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F3

Last week I blogged about flatfish.  These fascinating benthic predators can be found in oceans worldwide…however my interest in the asymmetric masters of blending in transcends pure ichthyology.  I have been busy drawing a series of intricate pen and ink drawings of flatfish for a project.  I will show you some of these large drawings one of these days, but I have also been drawing a series of small humorous and surreal flatfish in spare moments…during the commute or lunch break.  I am putting these whimsical, comical, and absurd flounders in brightly colored frames for fun.

Here is some of the series:

f1

This flounder seems to have an industrial refinery in Kazakhstan on his belly.  In accordance with his landlocked status, strange mythical beasts of Central Asia gambol in the twilight skies around him.

F4

This flounder has Greco-Roman objects around him.  The chameleon above his back reminds the viewer of the true nature of flatfish. The strange quadripeds on his back betoken a different age of agrarian labor.

F2

This flounder is at home in the ocean (where he is joined by apparitions and animals which look curiously like molecules or primordial forces.  Indeed, Gauss’ Law for electrical fields reminds us of the subtle but ineluctable flux which pervades interactions at all levels.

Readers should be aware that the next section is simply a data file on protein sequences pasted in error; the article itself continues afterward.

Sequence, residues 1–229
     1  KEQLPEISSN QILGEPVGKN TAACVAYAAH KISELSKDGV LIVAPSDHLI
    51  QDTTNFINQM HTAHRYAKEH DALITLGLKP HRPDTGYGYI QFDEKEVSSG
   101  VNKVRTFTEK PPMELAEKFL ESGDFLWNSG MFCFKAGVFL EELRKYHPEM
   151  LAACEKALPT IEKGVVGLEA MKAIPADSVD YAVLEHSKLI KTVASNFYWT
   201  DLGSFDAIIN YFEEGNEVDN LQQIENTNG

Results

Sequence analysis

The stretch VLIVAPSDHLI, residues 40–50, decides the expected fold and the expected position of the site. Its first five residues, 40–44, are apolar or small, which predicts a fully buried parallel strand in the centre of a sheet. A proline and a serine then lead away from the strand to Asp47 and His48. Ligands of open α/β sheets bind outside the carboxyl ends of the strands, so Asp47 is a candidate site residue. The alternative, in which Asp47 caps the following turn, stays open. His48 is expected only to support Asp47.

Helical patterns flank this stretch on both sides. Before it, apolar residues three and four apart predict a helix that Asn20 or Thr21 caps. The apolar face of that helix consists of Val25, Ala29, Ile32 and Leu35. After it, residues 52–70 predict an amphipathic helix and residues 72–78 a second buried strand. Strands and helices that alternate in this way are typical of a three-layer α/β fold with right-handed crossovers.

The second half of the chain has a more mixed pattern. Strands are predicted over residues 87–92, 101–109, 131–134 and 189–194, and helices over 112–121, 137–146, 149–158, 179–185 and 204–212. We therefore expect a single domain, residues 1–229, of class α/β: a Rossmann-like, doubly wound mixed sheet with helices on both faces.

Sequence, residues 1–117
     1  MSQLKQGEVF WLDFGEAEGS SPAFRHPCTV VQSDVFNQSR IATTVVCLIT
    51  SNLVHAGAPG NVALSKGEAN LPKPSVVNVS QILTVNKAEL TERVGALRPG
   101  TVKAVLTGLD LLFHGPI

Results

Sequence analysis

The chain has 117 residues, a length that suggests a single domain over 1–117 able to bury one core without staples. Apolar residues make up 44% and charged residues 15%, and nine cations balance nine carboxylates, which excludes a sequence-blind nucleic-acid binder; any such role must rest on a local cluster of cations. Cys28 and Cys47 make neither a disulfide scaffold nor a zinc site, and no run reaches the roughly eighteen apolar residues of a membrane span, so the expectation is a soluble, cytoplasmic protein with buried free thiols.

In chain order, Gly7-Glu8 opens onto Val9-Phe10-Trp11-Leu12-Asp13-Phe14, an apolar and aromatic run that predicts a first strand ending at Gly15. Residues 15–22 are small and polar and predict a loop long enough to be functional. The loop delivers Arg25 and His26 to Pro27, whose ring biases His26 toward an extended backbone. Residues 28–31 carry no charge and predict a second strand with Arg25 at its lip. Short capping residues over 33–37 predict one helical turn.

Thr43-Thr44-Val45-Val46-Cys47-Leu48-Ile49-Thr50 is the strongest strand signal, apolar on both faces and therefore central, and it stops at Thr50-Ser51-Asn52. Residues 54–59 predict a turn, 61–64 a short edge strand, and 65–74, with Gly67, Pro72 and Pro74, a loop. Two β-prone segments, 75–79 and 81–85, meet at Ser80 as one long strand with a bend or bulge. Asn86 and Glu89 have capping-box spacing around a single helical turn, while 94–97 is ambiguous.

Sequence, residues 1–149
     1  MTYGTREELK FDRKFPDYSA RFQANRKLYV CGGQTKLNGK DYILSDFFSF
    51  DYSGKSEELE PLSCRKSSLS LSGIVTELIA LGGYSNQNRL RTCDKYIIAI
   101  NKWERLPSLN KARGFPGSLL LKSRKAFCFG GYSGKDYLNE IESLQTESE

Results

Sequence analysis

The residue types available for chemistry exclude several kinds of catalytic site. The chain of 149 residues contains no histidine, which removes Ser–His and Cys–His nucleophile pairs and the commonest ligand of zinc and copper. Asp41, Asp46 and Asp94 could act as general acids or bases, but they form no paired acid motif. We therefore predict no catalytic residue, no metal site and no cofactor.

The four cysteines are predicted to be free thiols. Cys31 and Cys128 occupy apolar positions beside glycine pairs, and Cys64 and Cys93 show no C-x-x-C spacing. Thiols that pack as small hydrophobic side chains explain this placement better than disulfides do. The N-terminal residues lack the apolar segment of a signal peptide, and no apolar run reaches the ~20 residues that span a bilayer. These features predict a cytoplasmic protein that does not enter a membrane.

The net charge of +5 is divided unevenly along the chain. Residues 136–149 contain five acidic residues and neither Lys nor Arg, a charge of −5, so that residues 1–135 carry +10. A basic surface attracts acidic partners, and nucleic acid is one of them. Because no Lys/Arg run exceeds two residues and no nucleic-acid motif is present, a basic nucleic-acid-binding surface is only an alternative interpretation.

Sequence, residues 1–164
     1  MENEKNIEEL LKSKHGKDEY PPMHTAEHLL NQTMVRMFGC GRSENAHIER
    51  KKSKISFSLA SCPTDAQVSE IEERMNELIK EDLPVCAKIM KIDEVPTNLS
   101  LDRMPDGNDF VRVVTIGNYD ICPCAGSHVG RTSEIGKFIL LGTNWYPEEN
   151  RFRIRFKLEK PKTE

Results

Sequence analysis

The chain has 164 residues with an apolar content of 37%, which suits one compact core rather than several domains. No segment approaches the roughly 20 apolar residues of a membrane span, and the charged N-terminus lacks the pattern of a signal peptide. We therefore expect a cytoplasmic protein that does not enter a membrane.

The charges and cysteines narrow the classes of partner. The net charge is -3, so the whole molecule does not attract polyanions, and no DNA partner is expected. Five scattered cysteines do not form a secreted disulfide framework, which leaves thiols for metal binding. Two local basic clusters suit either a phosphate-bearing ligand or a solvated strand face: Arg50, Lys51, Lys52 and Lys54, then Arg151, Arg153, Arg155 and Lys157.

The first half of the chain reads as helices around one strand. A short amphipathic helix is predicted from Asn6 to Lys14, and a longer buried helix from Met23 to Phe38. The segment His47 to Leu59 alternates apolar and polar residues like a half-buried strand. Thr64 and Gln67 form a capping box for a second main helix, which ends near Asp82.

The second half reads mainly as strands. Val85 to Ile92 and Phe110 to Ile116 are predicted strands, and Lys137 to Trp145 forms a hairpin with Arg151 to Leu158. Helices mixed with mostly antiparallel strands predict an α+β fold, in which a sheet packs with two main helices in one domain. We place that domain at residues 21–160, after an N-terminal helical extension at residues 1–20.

F5

I have been trying to garner greater commercial interest in flatfish-themed art, and what is of greater commercial interest (and general prurient interest) than pop-superstar Miley Cyrus?  The famous singer coos atop a stolid turbot in the midst of an exotic and sensuous garden.  A musically literate person can play the musical phrase above the singer for a true multimedia experience. Miley’s cowgirl footwear hint at the true nature of this artwork.

F6

Trailing streamers of ragged blue plasma, a wild eyed flatfish covered in squirming parasites rides a beam of yellow energy over an elongated pink woodchuck ghost.  What could be more straightforward?

F7

A radiant orange flounder with the sun in his belly soars above some sort of pumping station or acetylene factory. In the sky above him, an overly eager gundam has fired an air-to-air missile at an endangered crane.  Oh no! What will happen next?

F10

A long faced flounder made of stitched together toruses looks down upon a futuristic city of arcologies and bioengineered structures.

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Mechanical innovation and the aristocratic southern lifestyle begin to seem increasingly at odds.  Predatory animals stock the riverine boundaries. A flying machine whirrs through the heavens.

The flounder at the top of the post–which features fanciful animals gathering around an elegant flounder with a brittle star on its belly is my personal favorite since I drew it with a dip pen–a style of drawing which generally results in the total destruction of the piece with the final stroke of the pen (as a huge blot of ink falls out), however in this rare case that did not happen so you can see some of the linear elegance of the medium.  All of these flatfish are created with ink and (generally) colored pencil, by yours truly Wayne Ferrebee in this year 2016 AD.  I’ll put up the second batch next week.  Thanks for looking and kindly leave any comments!

 

santa-claus